Missing Out on Our First Calling

This morning, a line from Oswald Chamber’s “My Utmost for His Highest” challenged me. Chamber wrote:

The aim of the spiritual saint is ‘that I may know Him.’ Do I know Him where I am today? If not, I am failing Him. I am here not realize myself, but to know Jesus. In Christian work the initiative is too often the realization that something has to be done and I must do it. That is never the attitude of the spiritual saint; [their] aim is to secure the realization of Jesus Christ in every set of circumstances [they] are in.

Ouch. Talk about a morning wake up a call.

Chambers doesn’t hold back on the punched. Pulling from Philippians 3:10, Chambers writes that our chief vocational calling is to know Christ. Everything in our lives, and our ministries, falls second to our primary calling of knowing Jesus and growing in our relationship with the Lord.

How easily we can forget this. How easily I can forget this.

In our modern way of ministry and life, it is easy to think that my primary objective is to be “doing something.” The busy pastor, or servant, is the one who is the most productive and doing the best job for the Lord. At least, that is what we convince ourselves. We can get so caught up in the busyness of ministry that we forget that our main purpose is to know Christ. Pastors are going to be busy, but being busy should not be our aim.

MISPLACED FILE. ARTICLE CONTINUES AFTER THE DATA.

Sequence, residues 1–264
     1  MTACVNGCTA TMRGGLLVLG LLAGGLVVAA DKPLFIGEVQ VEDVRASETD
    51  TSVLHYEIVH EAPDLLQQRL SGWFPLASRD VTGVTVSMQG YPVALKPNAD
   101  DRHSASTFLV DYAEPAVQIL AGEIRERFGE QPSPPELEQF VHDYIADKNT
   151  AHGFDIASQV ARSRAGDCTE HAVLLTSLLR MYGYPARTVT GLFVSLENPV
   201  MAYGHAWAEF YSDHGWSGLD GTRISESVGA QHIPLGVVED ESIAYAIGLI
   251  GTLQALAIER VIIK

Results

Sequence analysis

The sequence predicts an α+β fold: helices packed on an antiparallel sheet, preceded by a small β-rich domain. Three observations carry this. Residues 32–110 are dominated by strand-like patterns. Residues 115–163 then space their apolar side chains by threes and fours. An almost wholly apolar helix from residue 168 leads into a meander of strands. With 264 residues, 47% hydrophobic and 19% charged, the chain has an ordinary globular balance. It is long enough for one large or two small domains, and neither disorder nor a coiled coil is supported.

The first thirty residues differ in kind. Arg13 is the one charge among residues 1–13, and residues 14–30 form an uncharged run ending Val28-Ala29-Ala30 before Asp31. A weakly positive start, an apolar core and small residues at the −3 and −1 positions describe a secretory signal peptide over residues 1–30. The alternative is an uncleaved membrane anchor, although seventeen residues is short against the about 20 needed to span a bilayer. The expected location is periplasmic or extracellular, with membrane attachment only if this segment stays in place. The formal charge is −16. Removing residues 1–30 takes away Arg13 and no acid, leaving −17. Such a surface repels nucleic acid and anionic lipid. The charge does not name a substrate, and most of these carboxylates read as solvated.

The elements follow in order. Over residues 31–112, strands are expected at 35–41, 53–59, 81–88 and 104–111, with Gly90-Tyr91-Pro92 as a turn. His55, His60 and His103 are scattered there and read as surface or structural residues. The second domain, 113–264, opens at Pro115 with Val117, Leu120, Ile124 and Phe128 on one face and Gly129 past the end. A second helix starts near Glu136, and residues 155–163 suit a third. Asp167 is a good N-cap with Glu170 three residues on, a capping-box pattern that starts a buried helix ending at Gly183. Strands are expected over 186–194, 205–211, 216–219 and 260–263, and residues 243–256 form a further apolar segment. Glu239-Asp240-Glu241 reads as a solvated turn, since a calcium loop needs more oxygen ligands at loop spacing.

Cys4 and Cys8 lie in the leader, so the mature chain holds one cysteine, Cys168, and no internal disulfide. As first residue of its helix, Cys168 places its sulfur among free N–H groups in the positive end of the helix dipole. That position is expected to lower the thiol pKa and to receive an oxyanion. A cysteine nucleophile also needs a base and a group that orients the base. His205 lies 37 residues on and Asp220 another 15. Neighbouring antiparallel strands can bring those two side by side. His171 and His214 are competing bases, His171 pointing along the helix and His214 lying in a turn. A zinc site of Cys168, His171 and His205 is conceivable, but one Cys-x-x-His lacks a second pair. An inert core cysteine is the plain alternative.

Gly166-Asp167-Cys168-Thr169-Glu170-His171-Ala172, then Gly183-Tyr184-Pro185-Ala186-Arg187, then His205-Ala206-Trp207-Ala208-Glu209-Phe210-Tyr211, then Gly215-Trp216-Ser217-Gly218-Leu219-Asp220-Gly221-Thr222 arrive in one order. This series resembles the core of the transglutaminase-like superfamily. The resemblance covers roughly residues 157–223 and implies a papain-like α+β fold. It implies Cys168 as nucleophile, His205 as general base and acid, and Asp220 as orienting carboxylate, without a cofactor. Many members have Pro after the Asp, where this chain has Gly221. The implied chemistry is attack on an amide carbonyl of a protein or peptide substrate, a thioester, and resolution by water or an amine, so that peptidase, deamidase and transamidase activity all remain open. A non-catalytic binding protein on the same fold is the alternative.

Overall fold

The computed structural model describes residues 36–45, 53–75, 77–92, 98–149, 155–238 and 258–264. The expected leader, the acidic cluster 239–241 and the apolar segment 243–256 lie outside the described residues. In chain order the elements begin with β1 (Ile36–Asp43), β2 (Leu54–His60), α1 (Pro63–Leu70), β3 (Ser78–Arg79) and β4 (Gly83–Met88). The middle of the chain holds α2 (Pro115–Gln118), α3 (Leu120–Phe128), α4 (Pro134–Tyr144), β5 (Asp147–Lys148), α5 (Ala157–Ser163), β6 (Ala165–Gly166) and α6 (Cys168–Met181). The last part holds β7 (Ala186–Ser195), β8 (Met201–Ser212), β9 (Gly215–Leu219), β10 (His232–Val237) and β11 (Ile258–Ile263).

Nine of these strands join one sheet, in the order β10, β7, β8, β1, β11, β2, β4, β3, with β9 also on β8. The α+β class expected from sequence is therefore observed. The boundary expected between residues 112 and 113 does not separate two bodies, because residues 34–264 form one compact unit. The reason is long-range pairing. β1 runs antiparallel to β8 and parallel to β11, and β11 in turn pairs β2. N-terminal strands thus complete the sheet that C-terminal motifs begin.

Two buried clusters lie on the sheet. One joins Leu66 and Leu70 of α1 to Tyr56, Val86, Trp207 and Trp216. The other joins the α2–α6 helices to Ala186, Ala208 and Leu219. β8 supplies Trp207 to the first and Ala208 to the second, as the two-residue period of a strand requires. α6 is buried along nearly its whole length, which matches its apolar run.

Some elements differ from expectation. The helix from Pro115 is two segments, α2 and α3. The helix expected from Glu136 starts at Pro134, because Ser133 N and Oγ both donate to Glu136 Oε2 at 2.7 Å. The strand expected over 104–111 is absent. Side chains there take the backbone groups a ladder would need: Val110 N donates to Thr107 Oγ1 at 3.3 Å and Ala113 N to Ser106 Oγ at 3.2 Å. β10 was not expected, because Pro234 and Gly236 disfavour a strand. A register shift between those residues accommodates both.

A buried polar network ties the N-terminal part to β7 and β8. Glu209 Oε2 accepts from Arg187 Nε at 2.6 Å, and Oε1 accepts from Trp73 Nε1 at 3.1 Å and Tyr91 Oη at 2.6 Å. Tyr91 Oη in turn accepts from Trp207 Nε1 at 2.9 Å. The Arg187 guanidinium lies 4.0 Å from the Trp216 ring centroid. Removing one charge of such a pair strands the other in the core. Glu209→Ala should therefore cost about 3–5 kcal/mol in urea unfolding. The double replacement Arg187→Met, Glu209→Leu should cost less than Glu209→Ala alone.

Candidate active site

Sometimes, the reason we forget our first calling, our First Love, is the need to be valued and appreciated for the hard work of ministry. We want people to see us out and about and doing things so we can hear people say, “Job well done.” This is a temptation we can all fall into. When it no longer becomes about Christ but about our need to be honored, we miss the point of true servant ministry.

We cannot expect to be fruitful servants of the Lord, no matter if we are pastors or lay people, if we are not growing in our love of Christ. Loving Christ, first, should be the object and devotion of our days. True ministry is about our first calling (loving Christ), which produces the fruits of our second callings (our specific vocational callings).

Today is a great time to examine your callings. Are we truly seeking to know the Lord with all our heart, soul, mind, and strength? Or, are we too busy working for the Lord that we forget who the Lord truly is?

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